Persistent spread in seasonal albedo change radiative forcings linked to forest cover changes at northern latitudes
Abstract:Large-scale land use and land cover change (LULCC) can significantly affect regional climates from changes in surface biogeophysics, and a substantial part of historical LULCC from forest to crop or pasture occurred in the mid- and high-latitudes of North America and Eurasia where the snow-masking effect of forests often leads to a negative radiative forcing from albedo changes linked to deforestation. Results from several recent historical LULCC modeling studies, however, reveal an order of magnitude spread in climate forcing from the snow-masking effect by forests. This is likely because, in months with snow cover, the interactions between vegetation and snow significantly complicate the relationship between the change in forest cover fraction and albedo, thus accurate characterizations of land surface-albedo dynamics are essential given the importance of albedo feedbacks when ground or canopy surfaces are covered in snow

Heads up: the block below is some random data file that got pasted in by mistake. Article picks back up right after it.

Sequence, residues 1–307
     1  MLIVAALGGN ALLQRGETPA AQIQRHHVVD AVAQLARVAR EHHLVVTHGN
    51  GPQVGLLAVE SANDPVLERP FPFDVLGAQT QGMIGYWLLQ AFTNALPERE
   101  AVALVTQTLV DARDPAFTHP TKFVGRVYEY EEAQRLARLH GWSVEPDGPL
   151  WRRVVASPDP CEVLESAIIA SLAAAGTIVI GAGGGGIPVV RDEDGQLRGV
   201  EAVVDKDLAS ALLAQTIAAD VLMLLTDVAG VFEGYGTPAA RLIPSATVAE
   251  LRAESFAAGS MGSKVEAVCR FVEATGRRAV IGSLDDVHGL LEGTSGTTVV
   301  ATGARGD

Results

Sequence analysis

Here, we evaluate snow masking parameterization schemes of seven prominent climate models in greater detail in order to pinpoint major sources of the persistent variability in albedo predictions across models. Using a comprehensive dataset of forest structure, meteorology, and daily MODIS albedo observations spanning three winter-spring seasons in three regions of boreal Norway, we estimate radiative forcings connected to canopy snow masking and compare it to the observed forcings. We develop a physically-based regression model and compare its performance to existing modeling schemes, concluding with a discussion on the utility of purely empirical parameterizations relative to those rooted in radiative transfer theory and/or process-based modeling.